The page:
Morrisons steps up battle with rival supermarkets as it slashes prices of kitchen staples such as meat, poultry and vegetables

Oliver Gill
Follow Oliver
Mid-Size Morrisons To Take Over Safeway
Bradford-based Morrisons is Britain's fourth largest supermarket (Source: Getty)

Britain's fourth largest supermarket provided some Autumn cheer for consumers by announcing a series of price cuts to key products in a move that could spark a price war.

Morrisons announced that prices of staples such as meat and poultry will be slashed by 20 per cent with some vegetable prices a third lower.

Industry leaders said that this could signify the other three of Britain's big four supermarkets (Tesco, Sainsbury's and Asda) to follow suit.

"I think you can expect things to get pretty aggressive," one source told the Mail on Sunday.

According to research firm Kantar Worldpanel, Tesco's shrinking market share slowed to its slowest pace since 2014, meanwhile Morrisons market share fell 0.2 per cent to 10.7 per cent.

However if soundings from Walmart-owned Asda – who recently announced a 7.5 per cent drop in quarterly sales – are to be believed, it will seek to steer clear of taking the knife to prices. Instead of drastic cuts, it is focussed on bringing down prices by an aggregate of £1.5bn over five years.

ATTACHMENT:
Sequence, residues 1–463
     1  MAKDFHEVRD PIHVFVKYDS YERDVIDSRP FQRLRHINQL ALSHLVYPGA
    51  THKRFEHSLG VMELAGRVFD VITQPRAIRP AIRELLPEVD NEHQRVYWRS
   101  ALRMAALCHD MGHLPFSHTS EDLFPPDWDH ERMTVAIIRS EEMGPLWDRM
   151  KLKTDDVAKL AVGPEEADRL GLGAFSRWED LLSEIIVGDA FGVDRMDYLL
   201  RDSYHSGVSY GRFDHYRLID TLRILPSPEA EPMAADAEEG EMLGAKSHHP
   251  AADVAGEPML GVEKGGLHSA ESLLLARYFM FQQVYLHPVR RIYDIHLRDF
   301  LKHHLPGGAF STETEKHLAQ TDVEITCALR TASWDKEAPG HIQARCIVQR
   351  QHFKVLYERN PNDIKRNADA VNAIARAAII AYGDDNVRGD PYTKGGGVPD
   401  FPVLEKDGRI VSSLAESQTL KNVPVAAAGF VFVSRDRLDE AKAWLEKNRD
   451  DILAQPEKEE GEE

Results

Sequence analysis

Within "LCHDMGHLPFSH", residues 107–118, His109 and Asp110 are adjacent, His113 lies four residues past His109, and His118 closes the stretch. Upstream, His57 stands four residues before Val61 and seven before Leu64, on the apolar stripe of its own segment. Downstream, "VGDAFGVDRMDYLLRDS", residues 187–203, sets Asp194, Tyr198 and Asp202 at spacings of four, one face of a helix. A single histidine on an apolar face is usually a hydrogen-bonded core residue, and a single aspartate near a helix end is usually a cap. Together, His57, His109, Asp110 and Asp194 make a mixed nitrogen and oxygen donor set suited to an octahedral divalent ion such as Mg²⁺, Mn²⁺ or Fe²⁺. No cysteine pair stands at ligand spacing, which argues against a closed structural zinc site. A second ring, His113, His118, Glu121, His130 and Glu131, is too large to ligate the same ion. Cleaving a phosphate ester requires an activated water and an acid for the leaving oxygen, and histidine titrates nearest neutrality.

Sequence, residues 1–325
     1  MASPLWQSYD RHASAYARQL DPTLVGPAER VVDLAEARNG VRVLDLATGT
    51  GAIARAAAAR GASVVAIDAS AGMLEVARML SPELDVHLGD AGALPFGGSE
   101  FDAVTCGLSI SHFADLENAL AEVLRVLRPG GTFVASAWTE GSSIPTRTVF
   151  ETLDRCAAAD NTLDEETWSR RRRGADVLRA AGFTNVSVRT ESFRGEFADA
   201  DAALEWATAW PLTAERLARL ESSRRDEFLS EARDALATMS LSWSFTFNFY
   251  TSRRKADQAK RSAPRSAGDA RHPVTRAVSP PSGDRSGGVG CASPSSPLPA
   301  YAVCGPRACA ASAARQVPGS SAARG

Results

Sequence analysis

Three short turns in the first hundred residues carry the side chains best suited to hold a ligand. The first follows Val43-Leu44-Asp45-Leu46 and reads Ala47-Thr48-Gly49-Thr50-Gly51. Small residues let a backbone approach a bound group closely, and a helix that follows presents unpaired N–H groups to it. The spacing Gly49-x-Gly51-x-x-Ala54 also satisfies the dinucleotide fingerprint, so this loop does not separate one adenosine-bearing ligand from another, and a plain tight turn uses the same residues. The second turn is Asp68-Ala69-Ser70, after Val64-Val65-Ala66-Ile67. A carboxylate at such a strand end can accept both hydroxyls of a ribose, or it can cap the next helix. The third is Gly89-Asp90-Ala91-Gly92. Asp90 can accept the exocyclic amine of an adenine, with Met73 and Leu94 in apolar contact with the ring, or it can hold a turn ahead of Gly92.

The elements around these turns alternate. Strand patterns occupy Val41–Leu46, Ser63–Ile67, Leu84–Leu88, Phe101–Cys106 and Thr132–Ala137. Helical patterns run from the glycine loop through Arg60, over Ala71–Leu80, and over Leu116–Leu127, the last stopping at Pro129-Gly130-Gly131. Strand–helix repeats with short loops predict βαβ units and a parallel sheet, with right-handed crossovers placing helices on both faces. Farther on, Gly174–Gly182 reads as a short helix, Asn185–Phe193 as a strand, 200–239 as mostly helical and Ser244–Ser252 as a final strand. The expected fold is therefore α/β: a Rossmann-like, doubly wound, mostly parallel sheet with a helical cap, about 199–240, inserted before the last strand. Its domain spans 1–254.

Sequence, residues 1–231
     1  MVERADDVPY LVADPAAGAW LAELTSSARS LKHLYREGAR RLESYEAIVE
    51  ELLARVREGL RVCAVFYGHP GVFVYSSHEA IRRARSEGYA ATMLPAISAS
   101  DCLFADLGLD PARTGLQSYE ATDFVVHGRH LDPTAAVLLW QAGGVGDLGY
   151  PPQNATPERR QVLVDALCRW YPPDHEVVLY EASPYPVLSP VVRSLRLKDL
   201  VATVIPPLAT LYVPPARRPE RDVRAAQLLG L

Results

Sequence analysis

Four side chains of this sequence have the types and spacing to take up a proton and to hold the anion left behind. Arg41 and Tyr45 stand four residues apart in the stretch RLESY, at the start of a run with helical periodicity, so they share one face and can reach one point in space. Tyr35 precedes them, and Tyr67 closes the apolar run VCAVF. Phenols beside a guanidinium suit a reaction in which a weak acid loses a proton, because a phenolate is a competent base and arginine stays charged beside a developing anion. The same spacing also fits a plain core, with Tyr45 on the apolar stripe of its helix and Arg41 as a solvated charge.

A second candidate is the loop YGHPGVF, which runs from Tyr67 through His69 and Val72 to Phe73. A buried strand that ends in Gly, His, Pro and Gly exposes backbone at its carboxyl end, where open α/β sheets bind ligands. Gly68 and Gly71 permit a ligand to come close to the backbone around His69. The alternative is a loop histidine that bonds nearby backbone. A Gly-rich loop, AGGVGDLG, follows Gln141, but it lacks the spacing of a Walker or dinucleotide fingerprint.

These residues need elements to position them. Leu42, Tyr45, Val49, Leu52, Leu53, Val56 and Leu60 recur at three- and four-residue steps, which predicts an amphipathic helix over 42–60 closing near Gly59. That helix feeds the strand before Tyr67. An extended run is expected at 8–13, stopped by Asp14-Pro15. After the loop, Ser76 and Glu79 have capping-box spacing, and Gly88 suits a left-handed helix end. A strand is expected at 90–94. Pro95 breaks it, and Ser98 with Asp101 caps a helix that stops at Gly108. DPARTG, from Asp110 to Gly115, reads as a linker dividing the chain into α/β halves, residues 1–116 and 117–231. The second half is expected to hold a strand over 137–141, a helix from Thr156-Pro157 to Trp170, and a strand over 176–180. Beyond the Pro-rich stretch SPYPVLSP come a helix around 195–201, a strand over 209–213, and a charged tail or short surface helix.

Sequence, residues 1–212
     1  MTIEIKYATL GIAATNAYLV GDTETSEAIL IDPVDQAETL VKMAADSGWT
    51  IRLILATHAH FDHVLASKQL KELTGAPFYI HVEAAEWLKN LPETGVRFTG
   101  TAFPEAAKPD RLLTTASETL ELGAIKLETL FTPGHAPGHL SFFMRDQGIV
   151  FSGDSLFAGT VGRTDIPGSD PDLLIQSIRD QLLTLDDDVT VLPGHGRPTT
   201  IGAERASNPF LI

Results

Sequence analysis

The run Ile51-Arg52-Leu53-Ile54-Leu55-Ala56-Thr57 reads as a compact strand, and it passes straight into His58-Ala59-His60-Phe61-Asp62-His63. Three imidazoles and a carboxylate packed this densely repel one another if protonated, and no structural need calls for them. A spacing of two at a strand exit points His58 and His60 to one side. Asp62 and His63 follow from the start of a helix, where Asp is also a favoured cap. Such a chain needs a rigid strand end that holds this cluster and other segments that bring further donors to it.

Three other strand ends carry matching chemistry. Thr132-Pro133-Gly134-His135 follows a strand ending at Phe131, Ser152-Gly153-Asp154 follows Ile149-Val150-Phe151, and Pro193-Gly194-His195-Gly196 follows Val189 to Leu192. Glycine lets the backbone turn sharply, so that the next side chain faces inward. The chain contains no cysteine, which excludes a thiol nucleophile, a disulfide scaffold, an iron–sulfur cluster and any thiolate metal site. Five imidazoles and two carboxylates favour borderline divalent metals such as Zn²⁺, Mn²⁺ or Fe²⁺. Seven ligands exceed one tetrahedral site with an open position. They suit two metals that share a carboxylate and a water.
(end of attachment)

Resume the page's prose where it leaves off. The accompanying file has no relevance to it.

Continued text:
Last month Lidl was the fastest growing supermarket in the UK and together with fellow discounter, Aldi, have now captured nearly 11 per cent of the market.

"Lidl has always been committed to providing customers with the best quality at the lowest prices. This is an integral part of our core values as a business and we will continue to deliver on that for our customers," said Lidl's Georgina Hall in response to the news.

Supermarket prices had been expected to rise following the Brexit vote. A devaluation in sterling led to many warning that the increase price of importing goods would be passed onto consumers.

But this has not be borne out according to price comparison website Mysupermarket.com, which said that prices had fallen by four per cent over the last 12 months.

Related articles